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Renewable energies fail cost analysis... Duh!

Green Gone Wrong
Green Gone WrongPaul Taylor

This column has for years warned of the insidious and needless costs to prosperity from governments’ quixotic “green” energy mandates. These myopic moves to replace conventional fossil and nuclear fuels with “renewable” energies, all in the partisan cause of cooling the planet, fail practical economic cost/benefit analyses.

For the first time since the climate crusaders began their apocalyptic claims about “global warming” (a.k.a. “climate change,” “extreme weather,” and lately “climate risk”) the widely- respected, The Economist, presents a rational and comprehensive economic cost/benefit analysis in comparing renewable energies vs. conventional fossil fuel and nuclear power production.

Massive government subsidies for renewable electric power energies are controversial costs because it should not be governments’ job to make wind and solar power profitable. Billions are spent globally to boost wind and solar industry in the hope that they will someday become cost- competitive with fossil fuels and nuclear power and reduce climate carbon emissions.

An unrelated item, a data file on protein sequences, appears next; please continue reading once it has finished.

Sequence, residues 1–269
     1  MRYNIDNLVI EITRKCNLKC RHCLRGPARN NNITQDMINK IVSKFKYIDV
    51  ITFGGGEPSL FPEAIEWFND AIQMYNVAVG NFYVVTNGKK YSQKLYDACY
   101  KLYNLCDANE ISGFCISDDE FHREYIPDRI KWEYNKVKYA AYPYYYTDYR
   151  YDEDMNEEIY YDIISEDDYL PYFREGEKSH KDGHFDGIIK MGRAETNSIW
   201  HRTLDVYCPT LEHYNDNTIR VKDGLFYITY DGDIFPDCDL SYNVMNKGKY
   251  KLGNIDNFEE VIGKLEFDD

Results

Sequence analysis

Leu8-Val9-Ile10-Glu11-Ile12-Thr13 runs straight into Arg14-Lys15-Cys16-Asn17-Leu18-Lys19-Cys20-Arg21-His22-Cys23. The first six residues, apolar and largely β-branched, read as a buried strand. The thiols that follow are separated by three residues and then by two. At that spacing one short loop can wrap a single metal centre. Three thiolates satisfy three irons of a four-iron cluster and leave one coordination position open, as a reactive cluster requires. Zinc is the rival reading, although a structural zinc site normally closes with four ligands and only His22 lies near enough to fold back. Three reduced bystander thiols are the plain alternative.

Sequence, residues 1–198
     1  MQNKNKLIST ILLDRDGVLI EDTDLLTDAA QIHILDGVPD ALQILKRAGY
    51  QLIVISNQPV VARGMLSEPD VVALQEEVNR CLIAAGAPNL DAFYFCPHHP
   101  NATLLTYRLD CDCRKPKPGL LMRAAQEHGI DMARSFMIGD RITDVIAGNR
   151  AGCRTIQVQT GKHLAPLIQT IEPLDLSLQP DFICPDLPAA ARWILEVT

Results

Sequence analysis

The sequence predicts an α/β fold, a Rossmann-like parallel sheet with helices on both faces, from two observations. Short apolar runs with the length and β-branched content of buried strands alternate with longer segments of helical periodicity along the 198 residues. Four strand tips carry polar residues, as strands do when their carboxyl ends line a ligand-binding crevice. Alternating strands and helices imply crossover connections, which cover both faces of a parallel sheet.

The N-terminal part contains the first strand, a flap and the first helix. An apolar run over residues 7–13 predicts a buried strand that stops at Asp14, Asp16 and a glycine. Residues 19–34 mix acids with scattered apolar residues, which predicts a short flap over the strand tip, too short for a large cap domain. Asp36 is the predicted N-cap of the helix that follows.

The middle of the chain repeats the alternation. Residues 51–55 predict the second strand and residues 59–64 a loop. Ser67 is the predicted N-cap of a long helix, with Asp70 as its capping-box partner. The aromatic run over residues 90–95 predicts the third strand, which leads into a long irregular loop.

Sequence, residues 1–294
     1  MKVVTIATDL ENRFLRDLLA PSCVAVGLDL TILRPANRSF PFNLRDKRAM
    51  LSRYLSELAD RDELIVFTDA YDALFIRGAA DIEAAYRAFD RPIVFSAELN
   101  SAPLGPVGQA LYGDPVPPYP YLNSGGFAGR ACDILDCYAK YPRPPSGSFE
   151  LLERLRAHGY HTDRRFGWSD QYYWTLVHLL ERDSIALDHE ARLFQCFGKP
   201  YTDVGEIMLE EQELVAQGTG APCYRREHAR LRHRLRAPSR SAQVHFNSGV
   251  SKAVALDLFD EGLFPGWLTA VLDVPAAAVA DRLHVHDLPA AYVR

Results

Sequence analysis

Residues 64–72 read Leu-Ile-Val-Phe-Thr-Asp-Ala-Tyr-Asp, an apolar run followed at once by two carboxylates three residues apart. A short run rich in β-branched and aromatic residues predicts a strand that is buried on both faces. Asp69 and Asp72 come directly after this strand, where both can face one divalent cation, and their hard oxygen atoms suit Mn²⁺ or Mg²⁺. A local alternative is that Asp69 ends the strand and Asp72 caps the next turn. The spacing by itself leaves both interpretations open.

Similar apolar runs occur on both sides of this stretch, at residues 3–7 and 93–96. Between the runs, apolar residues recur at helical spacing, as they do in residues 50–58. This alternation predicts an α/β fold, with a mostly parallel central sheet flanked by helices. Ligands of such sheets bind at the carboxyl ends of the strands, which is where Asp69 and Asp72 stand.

A complex economic analysis by the progressive Brookings Institute took four zero-carbon renewable electric energies (solar, wind, hydropower and nuclear), added a low-carbon natural gas fuel cohort, and compared them with various conventional fossil-fueled electric power generators.

Here are the Brookings results in brief summary:
• Solar power is by far the most expensive way to reduce carbon emissions;
Wind power is the second most expensive way to reduce carbon, after solar;
• Hydropower (dams) provides a modest carbon reduction benefit, above solar and wind;
• Nuclear power proved the most cost-effective carbon reduction electric power generator.

These cost/benefit findings have profound implications for global environmental policies. Currently, most developed country electric power subsidies go to solar and wind – the most expensive carbon control technologies. Meanwhile, Germany, Japan and others are decommissioning their nuclear power plants, which are the cheapest zero-carbon electric power generators.